The bailiff at a man’s trial for criminal recklessness and resisting law enforcement improperly communicated with the jury foreperson regarding reaching a verdict, leading the Indiana Court of Appeals to reverse Jason Lee Sowers’ convictions.
Sowers was on trial after he fled from police, struck one officer’s car causing it to flip, and ran into a nearby home. Sowers suffered from schizo-affective and bipolar disorder and had previously been committed for treatment. He was charged with Class C felony battery and Class D felonies criminal recklessness and resisting law enforcement. He was also alleged to be a habitual offender.
During deliberations the jury foreperson asked the bailiff if “they were to stay and deliberate until they reached a 100 percent agreement with the counts.” The jury instructions said “To reach a verdict, each of you must agree to it.” The bailiff told the foreperson that the judge stated they have to be 100 percent in agreement. Sowers was found guilty but mentally ill on the Class D felonies, and not responsible by reason of insanity on the battery charge. The judge later found him to be a habitual offender.
A poll of the jury about whether these were their true verdicts led Juror 3 to say “I have a conscience about it but yes.” This juror later indicated that the jury had been told there had to be verdicts.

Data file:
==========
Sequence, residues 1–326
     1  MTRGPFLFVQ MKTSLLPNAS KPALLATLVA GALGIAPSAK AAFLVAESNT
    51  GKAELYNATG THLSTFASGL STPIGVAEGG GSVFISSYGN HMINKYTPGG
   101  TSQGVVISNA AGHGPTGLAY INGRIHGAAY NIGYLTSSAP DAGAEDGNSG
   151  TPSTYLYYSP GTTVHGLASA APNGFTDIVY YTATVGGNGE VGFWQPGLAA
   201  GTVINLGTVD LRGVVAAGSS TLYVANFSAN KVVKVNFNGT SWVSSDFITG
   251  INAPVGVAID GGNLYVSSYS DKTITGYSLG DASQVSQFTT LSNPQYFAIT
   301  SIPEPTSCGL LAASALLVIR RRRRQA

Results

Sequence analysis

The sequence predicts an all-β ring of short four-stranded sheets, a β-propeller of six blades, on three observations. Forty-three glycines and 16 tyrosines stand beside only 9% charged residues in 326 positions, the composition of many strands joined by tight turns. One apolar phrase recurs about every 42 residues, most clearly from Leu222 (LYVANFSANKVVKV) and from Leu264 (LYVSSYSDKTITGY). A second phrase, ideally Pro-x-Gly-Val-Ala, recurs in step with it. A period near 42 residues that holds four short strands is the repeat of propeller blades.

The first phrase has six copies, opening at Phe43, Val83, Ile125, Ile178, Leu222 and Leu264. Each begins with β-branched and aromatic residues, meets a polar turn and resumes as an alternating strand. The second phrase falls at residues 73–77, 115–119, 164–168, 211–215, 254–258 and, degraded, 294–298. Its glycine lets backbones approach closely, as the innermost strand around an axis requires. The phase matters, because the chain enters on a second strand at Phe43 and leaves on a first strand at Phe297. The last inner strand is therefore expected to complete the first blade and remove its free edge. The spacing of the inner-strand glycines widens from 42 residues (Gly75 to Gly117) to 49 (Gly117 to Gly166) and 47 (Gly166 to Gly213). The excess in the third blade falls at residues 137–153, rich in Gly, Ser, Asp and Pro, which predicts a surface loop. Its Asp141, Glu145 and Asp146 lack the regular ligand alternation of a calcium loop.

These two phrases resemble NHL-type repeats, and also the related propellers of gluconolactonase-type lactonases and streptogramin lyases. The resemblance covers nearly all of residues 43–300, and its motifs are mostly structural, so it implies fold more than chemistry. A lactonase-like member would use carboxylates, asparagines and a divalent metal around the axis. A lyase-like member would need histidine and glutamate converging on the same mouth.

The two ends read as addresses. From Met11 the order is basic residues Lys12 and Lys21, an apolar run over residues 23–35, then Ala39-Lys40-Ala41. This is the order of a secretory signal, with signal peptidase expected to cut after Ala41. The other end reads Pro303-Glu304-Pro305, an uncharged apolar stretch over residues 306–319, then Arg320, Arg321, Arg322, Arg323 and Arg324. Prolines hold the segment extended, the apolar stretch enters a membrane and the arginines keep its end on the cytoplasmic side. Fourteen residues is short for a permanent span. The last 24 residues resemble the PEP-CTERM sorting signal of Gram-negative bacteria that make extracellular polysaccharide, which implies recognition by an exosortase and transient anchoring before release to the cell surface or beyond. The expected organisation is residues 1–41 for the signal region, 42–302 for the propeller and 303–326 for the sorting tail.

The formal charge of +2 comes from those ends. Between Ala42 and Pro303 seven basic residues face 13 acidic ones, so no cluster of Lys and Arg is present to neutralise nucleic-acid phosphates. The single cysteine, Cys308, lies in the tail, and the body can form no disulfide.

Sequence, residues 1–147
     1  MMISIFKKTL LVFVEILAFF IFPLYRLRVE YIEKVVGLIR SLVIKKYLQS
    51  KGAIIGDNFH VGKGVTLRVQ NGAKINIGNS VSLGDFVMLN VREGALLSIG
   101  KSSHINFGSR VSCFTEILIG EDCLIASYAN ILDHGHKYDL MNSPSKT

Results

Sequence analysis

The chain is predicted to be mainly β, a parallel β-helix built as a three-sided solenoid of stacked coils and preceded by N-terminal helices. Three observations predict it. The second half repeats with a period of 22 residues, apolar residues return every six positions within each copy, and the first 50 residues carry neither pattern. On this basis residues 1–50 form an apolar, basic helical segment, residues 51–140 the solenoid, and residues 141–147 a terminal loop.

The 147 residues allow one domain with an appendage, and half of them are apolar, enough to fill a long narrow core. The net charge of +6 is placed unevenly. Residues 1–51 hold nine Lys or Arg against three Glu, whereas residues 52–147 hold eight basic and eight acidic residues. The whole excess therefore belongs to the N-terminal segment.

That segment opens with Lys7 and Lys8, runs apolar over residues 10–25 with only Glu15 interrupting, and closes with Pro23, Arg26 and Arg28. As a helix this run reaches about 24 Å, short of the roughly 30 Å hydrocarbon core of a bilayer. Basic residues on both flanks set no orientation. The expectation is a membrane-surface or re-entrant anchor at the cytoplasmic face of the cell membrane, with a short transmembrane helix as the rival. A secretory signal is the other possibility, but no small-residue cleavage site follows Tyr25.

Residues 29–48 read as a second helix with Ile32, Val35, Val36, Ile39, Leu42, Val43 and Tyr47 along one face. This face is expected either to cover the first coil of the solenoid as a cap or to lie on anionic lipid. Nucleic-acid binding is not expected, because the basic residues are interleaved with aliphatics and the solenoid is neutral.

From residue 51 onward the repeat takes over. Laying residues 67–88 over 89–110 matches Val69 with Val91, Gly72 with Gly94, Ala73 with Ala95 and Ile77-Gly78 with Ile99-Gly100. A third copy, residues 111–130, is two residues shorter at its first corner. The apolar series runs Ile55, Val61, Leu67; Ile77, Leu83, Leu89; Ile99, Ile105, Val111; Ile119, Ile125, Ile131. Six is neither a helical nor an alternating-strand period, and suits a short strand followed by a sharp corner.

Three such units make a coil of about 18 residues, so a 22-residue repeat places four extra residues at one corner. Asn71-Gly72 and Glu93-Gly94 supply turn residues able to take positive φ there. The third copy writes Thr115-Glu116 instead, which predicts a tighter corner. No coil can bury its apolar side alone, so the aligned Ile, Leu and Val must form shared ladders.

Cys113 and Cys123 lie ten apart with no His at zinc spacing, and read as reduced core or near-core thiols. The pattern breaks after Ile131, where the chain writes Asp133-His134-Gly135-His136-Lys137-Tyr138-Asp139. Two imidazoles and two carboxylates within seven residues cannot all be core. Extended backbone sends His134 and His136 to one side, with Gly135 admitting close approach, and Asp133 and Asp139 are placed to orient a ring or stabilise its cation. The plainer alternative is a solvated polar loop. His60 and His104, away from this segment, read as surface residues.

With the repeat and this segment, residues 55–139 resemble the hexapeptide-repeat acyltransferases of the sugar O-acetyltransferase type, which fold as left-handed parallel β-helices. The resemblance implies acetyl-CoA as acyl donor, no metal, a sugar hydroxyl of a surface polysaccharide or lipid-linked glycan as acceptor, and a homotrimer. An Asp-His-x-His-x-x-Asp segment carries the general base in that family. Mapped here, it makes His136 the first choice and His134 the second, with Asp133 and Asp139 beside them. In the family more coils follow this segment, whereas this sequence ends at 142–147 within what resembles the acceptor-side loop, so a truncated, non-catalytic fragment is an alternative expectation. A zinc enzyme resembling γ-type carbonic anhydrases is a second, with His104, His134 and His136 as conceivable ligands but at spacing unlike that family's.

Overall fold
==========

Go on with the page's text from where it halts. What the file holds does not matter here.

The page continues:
Because Sowers didn’t object at trial, the judges had to decide on appeal whether the bailiff’s communication with the foreperson resulted in fundamental error. It did, they concluded, noting that Coolman v. State, 163 Ind. 503, 72 N.E. 568 (1904), is instructive. The bailiff is not to communicate with a juror except in certain circumstances, such as to ask if they have agreed on a verdict or when ordered to do so by the court.
“Here, we observe that the question was not whether the jurors had to reach 100 percent agreement to reach a verdict, but whether ‘they were to stay and deliberate until they reached a 100 percent agreement with the counts,’” Judge Elaine Brown wrote for the majority in Jason Lee Sowers v. State of Indiana, 08A02-1208-CR-640. And the record reveals the bailiff’s comment was told to the foreperson and shared with at least one other juror. The error constitutes a “blatant violation of basic principles” and that error denied Sowers fundamental due process.
Judge Cale Bradford wrote in his dissent that he would uphold the jury’s convictions, finding the communication did not result in a fundamental error.
“The communication between the bailiff and the jury foreperson did not make it impossible for Sowers to receive a fair trial. At most, the record suggests that Juror Overman may have relied on the jury foreperson’s recitation of the bailiff’s answer regarding whether the jurors had to agree ‘100%’ to return a verdict,” he wrote.
However, he would vote for remand with instructions to amend the sentencing order to treat the habitual offender enhancement as a sentence enhancement of one of the underlying felony convictions rather than treating it as a separate consecutive sentence.